Third, the new curriculum does not pay attention to the lack of quality of education in the early years. Science continues to be on the sideline in the early elementary years. Short instructional hours continue so that multiple shifts remain possible. Serious problems are already present at the end of fourth grade. Students failing in these early years have no chance of progressing into high school.
Fourth, the new curriculum embarks on multilingual education when the country has failed so many times in bilingual education. All students are required to learn three languages during the elementary years when the educational system is failing to have students become proficient in one. Mother tongue instruction is not fully supported, as attention to the necessary learning materials and training of teachers are not taken seriously. In the meantime, the imposition of Filipino on everyone continues. This is clearly a case of biting more than one can chew.
Standards Do Not Improve Education, Resources Do
The curriculum is a wish-list. The fact that there is a huge achievement gap based on socio-economic status in schools in almost all countries in the world shows that resources count significantly in education. Pointing out that resources are inadequate for a curriculum can not be overlooked. The opposition against DepEd's K+12 is rooted much on the realization that the government is currently incapable of answering the needs of the curriculum it wants to impose. A good reform needs a reflection thoughtful enough to weigh what one is capable of delivering. Anyone can easily write a long list of dreams for basic education. The more important thing to consider is whether one's wish list is within reach or simply an illusion. DepEd's K+12 is an illusion. Basic education needs to prioritize. The additional years and the unsubstantiated reforms and approaches in the curriculum both add to the resources required. When the government is currently unable to meet the basic demands, it is simply foolish to create more demands.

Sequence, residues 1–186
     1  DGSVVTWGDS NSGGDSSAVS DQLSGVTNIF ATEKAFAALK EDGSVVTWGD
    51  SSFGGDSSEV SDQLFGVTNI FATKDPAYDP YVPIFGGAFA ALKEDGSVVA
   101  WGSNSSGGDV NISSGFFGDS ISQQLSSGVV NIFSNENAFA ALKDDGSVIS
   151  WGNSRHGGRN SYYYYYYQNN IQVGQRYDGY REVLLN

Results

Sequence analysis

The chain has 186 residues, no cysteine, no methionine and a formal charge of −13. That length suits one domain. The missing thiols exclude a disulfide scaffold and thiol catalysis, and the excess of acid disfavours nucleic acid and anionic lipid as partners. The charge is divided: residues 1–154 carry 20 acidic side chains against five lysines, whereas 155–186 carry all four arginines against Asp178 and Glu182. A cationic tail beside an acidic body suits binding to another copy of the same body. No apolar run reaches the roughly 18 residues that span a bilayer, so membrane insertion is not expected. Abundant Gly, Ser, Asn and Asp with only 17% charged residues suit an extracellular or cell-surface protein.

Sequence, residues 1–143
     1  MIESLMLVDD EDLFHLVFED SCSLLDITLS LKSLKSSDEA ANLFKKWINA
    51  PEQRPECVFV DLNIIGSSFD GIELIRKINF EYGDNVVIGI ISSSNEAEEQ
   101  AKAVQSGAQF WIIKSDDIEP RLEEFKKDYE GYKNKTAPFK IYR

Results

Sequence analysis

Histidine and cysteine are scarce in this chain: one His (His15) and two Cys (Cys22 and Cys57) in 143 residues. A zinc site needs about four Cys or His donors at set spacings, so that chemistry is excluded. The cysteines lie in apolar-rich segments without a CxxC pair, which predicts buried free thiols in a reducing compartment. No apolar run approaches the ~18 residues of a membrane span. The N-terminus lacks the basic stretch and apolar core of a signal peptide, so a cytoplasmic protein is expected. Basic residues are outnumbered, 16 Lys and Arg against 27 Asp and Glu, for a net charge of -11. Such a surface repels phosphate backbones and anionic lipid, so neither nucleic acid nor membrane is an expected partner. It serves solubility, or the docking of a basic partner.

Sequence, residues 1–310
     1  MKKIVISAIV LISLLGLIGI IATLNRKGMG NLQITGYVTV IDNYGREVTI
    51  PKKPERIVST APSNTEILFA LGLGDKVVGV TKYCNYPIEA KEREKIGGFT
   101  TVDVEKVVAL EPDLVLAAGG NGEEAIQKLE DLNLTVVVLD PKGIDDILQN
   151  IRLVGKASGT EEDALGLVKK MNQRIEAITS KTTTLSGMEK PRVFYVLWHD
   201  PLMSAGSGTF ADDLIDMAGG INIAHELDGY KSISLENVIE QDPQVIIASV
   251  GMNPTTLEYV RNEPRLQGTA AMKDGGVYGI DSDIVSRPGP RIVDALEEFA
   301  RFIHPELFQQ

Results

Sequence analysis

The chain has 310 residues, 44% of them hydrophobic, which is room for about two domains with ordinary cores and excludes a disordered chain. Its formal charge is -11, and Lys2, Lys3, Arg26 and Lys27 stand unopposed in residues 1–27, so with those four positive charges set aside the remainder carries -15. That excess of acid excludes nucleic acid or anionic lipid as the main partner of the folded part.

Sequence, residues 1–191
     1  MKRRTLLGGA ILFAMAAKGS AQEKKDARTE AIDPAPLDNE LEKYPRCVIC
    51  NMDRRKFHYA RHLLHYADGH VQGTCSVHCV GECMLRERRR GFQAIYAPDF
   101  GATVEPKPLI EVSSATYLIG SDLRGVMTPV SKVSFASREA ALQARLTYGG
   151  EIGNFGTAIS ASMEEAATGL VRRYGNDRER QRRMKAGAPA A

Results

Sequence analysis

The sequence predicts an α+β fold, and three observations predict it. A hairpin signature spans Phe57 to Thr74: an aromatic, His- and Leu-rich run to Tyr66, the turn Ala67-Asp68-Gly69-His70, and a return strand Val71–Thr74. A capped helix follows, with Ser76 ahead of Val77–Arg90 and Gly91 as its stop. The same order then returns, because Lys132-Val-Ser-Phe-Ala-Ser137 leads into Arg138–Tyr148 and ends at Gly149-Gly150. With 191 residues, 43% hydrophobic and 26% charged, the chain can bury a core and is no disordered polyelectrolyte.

The Right Time To Stop
Obviously, one should not embark on a gargantuan project without careful studies. Fortunately, with a phased implementation, the changes have been occurring gradually. In 2016, four years of elementary and four years of high school have changed. Senior high school is yet to be offered, but the new curriculum is already affecting a significant number of students. There is currently nothing in DepEd's actions that demonstrate a watchful eye on how the changes in curriculum are affecting learning outcomes. In fact, the contrary is true as learning materials aligned to the new curriculum are always unavailable. It is true that funds are going to waste and that some time and effort have already been spent on the new curriculum. This, however, is no reason to continue on a track leading to even greater disaster. With regard to basic education reform, there is no such thing as "no more turning back". For a bad curriculum, there always remains a time to stop. Of course, yesterday would have been better, but now is still better than tomorrow.